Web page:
Madeleine Albright once famously asked General Colin Powell why he would not support sending US forces into the former Yugoslavia to halt Serbian atrocities. “What are you saving this superb military for, Colin,” Albright asked in exasperation, “if we can’t use it?”
Albright’s frustration was a response to the bloody ethnic violence that descended on the Balkans and also Rwanda in the early 1990s. As US ambassador to the United Nations and later as secretary of state, Albright ’68SIPA, ’76GSAS, ’95HON pushed hard for intervention against human-rights abusers, especially the Serbs. In 1999, she insisted that the Serbian military withdraw from Kosovo, even though the province was still internationally recognized as a part of a sovereign Serbia. When Serb leader Slobodan Miloševic´refused, Albright had NATO bombers ready to force his troops out.
At the time, Albright seemed to be responding to the chaos of the post–Cold War period. But her latest book reveals just how deep her commitment to resisting wicked regimes runs.
In Prague Winter: A Personal Story of Remembrance and War, 1937–1948, Albright may well have written the most poignant account we have in English of the tragic destruction of the so-called First Republic — the Czechoslovakia of interwar Europe — at the hands of Hitler and Stalin. Not much of this account is truly autobiographical: Albright was born only in the last years of the Republic’s existence and spent much of her childhood either in exile in London or with her diplomat father in postwar Yugoslavia. Like her contemporary, the future Czech president Václav Havel, Albright was too young to understand the larger forces undoing her country.
For contemporary reflections on the Republic’s fate, Albright turns to the letters, journals, and articles of her parents’ generation, especially those of her extraordinary father, Josef Korbel. This perspective allows Albright to infuse old political debates with the warmth of conversation at the family dinner table. Korbel and his contemporaries were not merely serving a historical state — they were building a home for their children. Albright portrays Korbel’s colleagues, especially Czechoslovak foreign minister and future president Eduard Beneš, in a detailed historical setting that feels as personal as a family photograph.
This intermingling of the familial and political gives Prague Winter unusual force as Albright discovers the true extent of her family’s suffering. Albright’s parents had raised her as a Roman Catholic; growing up she never knew that her parents had converted from Judaism or that dozens of her relatives had perished in Nazi camps. Albright did not even know that her own paternal grandfather had died at Terezín until the Washington Post explored her background in 1997.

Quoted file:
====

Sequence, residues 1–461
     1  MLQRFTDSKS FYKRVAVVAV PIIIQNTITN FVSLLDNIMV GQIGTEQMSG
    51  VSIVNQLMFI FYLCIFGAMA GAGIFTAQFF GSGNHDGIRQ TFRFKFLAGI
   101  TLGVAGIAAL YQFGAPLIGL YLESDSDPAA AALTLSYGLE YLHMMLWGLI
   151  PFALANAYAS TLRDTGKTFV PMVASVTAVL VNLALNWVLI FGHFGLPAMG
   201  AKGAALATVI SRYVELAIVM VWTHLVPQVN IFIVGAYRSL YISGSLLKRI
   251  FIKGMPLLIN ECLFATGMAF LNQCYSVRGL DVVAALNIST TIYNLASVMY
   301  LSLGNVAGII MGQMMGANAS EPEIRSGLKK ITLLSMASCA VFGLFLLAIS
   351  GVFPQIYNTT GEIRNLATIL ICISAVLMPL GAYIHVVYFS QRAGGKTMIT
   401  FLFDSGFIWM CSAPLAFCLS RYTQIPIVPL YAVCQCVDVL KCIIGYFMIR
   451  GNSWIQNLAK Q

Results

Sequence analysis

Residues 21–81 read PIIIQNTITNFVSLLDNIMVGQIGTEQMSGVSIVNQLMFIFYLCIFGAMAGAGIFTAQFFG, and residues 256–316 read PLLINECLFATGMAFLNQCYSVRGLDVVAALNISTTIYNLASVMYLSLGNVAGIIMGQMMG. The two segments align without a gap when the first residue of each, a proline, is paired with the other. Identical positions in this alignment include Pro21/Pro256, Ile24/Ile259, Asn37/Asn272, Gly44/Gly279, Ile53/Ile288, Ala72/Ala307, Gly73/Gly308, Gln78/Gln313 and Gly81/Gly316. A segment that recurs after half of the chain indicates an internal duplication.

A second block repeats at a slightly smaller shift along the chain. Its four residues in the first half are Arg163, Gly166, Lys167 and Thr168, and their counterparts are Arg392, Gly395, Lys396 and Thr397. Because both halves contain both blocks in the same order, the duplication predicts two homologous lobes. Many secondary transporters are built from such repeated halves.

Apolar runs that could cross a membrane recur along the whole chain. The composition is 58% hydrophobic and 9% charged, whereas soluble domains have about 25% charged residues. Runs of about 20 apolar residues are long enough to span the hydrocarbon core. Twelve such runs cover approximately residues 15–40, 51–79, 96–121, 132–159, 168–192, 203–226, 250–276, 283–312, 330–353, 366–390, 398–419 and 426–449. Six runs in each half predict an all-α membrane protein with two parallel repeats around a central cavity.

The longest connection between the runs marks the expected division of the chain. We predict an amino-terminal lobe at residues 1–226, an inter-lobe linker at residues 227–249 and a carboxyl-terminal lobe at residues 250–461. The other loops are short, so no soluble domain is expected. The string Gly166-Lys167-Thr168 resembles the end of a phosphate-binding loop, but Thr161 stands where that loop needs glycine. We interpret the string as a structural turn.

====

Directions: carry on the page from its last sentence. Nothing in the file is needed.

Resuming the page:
Albright eventually discovered that while her parents were married in a civil ceremony and identified on their marriage certificate as bez vyznáni (“without religion”), they converted to Catholicism while in exile in England. Why, Albright wonders, did her parents convert then? They no longer needed fear the Nazis. Why convert once safely abroad?
Albright’s answer is utterly convincing, and also troubling. Working for a government in exile, she writes, the Korbels wanted to “underline our family’s identity as Czechoslovak democrats.” In the Czech political culture of the time, Jews were often disparaged as serving an international financial conspiracy or nostalgic for the Habsburg Empire. The Korbels’ concerns were quickly confirmed when a Czech group that had organized to resist the Nazis reported to London that they would be happy if the Jews who had fled stayed away.
Even a country as proudly humanitarian as the First Republic was not untainted by the ethnic prejudices that we associate with other Central European countries. The accommodations made to minorities could not disguise the fact that the First Republic was ultimately the fulfillment of the national aspirations of two nations: the Czech and, to a lesser extent, the Slovak peoples. The Czechs had built themselves a home, but Czechoslovakia’s roof stretched over peoples who had not been asked whether they wanted to move in.
This led to a bitter irony. Even the anti-Semites in the Czech resistance saw that the true threat to their country came from another minority, the country’s three million Germans, themselves centuries-long inhabitants of the territory. Many Sudetendeutsch welcomed their brethren from Germany proper when they marched in to dismantle the First Republic in 1938. This treason convinced the Czech leadership that any sizable German minority was now intolerable; at the first opportunity, the reconstituted government in Prague expelled nearly all of its Germans, regardless of individual innocence or guilt. Thousands were killed on the spot; thousands more died in transit. Millions lost their own ancestral homes.
Albright recognizes that innocent Germans were harmed in these purges, though she makes clear that her sympathies are with the Czech government. “Small countries can survive hostile neighbors,” she writes, “but the odds lengthen when a significant national minority identifies with the enemy.” This sentiment may well be of a piece with the tough-mindedness that Albright showed in protecting Kosovo’s Albanians from the Serbian army some fifty years later. But as Albright herself acknowledges, Havel and other Czech anti-Communists came to see the expulsions of Germans as a step down the path to totalitarian rule. No one, it turned out, could out-demagogue the Communists on questions of collective guilt: a party that could portray all the “bourgeoisie” as criminals could also portray every German as a national traitor. One can admire Albright’s excellent book and the moral urgency that she brought to US foreign policy. One can also recognize that the homeland she loves suffered when it did not live up to the ideals it was meant to embody.